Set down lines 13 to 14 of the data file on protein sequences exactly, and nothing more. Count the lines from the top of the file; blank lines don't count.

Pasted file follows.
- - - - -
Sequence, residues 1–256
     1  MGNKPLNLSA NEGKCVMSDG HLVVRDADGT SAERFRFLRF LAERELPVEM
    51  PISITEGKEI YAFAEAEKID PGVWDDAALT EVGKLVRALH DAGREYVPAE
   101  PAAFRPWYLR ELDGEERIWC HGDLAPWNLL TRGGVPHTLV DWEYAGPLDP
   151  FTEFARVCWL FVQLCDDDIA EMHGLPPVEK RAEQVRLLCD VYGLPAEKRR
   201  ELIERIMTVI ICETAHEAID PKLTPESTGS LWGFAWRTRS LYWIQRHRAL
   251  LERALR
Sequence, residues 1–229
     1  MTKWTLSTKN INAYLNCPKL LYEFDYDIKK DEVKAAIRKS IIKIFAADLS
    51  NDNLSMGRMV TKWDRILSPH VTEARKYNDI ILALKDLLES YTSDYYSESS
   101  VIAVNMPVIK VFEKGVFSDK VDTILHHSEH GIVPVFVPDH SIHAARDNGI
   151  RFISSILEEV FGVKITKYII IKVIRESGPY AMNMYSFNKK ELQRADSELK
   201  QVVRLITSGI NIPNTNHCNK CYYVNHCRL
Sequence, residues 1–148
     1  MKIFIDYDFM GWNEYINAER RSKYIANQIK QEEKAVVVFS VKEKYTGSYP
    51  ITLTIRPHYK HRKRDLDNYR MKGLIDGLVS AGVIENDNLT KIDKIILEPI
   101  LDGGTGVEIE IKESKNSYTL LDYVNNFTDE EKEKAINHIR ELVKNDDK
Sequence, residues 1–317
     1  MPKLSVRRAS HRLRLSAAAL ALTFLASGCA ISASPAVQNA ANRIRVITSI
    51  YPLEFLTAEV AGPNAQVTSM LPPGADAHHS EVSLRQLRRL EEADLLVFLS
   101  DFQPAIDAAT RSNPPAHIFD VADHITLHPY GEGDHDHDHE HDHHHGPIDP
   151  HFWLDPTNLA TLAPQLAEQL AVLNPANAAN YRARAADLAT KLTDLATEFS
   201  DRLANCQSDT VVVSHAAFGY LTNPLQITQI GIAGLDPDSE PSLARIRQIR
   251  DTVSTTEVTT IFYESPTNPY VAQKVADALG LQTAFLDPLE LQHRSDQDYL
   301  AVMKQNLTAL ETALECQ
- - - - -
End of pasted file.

   201  QVVRLITSGI NIPNTNHCNK CYYVNHCRL
Sequence, residues 1–148